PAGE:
Education in DM increases patients’ self-care, improving their glycemic control and knowledge of the disease [6]. Evidence suggests that educational programs conducted in groups improve cost-effectiveness, particularly in adults with T2DM [11, 12]. In patients with T1DM, the improvement is mainly observed in the psychosocial sphere [13]. In Brazil, a randomized, prospective, multicenter study including individuals with T1DM and T2DM, known as Projeto DOCE ® (Diabetes Aiming Control and Education, Diabetes Objetivando Controle e Educação), developed by a multiprofessional team, showed significant improvement in blood glucose control, but no variation in quality of life scores [1416].

Considering the imbalanced distribution of endocrinologists in Brazil, where most specialists (76.08 %) are concentrated in the country’s southeastern and southern areas [17], the current challenge is to provide better job opportunities and professional training continuity in less served regions, allowing a more balanced distribution of specialists operating both in public and private health sectors, and in small and large urban centers.

Considering the precariousness of the glycemic control in patients with DM worldwide, and the direct implications that poor glycemic control imposes on the risk of development of complications and health expenses, the aim of this study was to evaluate the effects of the action of a mobile consultancy unit specialized in DM on clinical and laboratory parameters, as well as on the degree of knowledge of and satisfaction with the disease in patients with T2DM in a primary health care network in Brazil.

Methods

Delineation and population

This is a randomized, non-placebo-controlled clinical trial (Fig. 1) with individuals with T2DM, developed in a primary care setting in the city of Maringá (Paraná) [18], southern Brazil, between October, 2014, and August, 2015. The city has 30 primary health units (Unidades Básicas de Saúde, UBS) and the study was conducted in nine of these units. To select the UBS for inclusion in the study, we took into account the division of the city into three homogeneous areas according to the economical resources and demographic structure of the population [19]: G1 (more favorable, six UBS), G2 (intermediate, four UBS), and G3 (less favorable, 20 UBS). The number of UBS and patients per UBS was proportional to the number of individuals with DM registered in each area (two UBS in group G1, two in group G2, and five in group G3). The total number of eligible individuals in all nine UBS was 2573.
Fig. 1

Study flow diagram

We adopted the following inclusion criteria: diagnosis of T2DM, age between 18 and 80 years, and interest in and availability to participate in the activities of the study. The patients were selected randomly and proportionately to the population of individuals with T2DM in each of the nine UBS. The participation was entirely voluntary, and the selected individuals could be replaced by the next individual on the list for a maximum of three times. We excluded individuals who presented important mental disorder, severe associated diseases, substantial decrease in visual acuity, and impaired ambulation. Of 80 contacted patients, 61 agreed to participate in the study and 52 participated in all stages of the study.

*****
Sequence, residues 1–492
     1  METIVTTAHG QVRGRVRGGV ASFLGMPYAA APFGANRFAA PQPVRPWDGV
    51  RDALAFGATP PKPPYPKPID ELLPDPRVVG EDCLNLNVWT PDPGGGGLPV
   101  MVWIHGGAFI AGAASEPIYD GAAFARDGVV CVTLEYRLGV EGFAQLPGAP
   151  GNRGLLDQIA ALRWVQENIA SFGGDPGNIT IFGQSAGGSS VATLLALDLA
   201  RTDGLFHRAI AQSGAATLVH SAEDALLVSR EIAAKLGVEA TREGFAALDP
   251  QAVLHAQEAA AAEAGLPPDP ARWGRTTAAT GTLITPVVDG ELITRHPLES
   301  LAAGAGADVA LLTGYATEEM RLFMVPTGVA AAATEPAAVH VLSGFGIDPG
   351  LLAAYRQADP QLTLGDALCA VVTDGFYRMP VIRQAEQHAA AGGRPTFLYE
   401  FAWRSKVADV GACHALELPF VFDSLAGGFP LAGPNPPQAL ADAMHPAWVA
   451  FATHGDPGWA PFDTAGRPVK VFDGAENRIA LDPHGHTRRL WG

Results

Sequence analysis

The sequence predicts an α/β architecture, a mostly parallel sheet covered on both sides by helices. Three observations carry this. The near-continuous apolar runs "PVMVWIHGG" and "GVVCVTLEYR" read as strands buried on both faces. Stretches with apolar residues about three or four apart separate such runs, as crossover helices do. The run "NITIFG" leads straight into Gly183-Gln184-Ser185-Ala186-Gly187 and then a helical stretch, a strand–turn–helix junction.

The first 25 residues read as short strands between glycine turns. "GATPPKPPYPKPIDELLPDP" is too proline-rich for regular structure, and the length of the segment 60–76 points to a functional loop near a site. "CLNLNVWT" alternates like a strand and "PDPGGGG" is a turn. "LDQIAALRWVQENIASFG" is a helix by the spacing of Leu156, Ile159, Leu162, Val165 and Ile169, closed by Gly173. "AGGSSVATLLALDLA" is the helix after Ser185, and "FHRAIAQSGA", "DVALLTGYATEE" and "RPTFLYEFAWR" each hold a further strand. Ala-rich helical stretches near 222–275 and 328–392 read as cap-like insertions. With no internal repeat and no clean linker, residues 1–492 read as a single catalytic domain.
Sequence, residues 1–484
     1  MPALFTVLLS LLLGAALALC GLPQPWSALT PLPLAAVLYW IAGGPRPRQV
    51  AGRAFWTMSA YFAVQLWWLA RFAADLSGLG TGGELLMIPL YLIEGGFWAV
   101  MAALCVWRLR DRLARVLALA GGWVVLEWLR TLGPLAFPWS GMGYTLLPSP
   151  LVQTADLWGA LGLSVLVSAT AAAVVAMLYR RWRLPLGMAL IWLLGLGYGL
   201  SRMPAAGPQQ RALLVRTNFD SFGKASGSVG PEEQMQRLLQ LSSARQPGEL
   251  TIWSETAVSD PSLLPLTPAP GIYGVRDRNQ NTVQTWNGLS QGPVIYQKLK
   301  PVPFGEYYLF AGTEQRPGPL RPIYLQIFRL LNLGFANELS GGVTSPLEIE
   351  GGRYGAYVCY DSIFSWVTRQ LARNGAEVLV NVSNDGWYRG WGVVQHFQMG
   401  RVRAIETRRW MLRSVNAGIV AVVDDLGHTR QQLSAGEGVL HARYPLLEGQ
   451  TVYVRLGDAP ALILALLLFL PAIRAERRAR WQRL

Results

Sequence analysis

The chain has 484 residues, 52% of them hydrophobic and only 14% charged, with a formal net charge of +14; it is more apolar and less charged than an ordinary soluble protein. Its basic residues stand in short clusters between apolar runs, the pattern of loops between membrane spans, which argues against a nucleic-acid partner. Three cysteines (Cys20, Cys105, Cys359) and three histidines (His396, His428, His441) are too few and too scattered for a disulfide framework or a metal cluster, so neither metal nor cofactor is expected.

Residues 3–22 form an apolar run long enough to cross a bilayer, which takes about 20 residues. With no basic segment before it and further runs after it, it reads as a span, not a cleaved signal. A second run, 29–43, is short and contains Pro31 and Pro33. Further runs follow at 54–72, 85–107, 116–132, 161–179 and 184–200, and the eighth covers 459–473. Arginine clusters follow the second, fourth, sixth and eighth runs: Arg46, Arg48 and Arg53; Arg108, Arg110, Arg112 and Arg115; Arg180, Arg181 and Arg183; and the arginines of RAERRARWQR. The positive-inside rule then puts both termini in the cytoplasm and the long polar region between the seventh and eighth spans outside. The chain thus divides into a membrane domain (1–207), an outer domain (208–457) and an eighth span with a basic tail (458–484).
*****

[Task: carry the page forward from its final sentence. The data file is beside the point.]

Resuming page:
Data collection

The data were collected at each UBS at three moments: initial visit (V1; before the intervention, during the selection of the individual for the study), intermediate visit (V4; 3 months after the first intervention), and final visit (V5; 6 months later). In all meetings, we consulted the electronic records of the patients to analyze the data related to their clinical condition and treatment regimen, and verify their anthropometric data and serum HbA1c results. Levels of serum HbA1c were determined with an Ames analyzer (Bayer Diagnostics, DCA 2000). The normal range for HbA1c values determined with this analyzer is between 4.2 and 6.5 % (mean 5.0 ± 0.35 %, 95 % confidence interval 4.3–5.7 %) [20, 21]. The correlation coefficient of HbA1c values obtained with the Ames analyzer compared with values obtained by high-performance liquid chromatography (HPLC) is 0.95 [22]. The other laboratory tests and the questionnaires were only performed/applied at V1 and V5.

To collect the data, we applied the following three questionnaires

(1) Identification questionnaire: sociodemographic characteristics and lifestyle habits (sex, age, skin color, educational level, family income, smoking, alcohol abuse, and practice of physical activity), anthropometric data (weight [kg], height [m], BMI [kg/m2], waist circumference [WC; cm], hip circumference [HC; cm], WC/HC ratio, and blood pressure [BP; mmHg]), clinical data (type of treatment, disease duration, family history, comorbidities, metabolic control, and degree of risk of complications), and laboratory data (complete blood count, fasting blood glucose, HbA1c, creatinine, potassium, lipid profile, alanine aminotransferase [ALT] and aspartate aminotransferase [AST]), TSH, urinalysis, and microalbuminuria. All laboratory tests were performed by the Health Department of Maringá (Paraná), and only those tests performed up to 6 months before the beginning of the study were included in the analysis.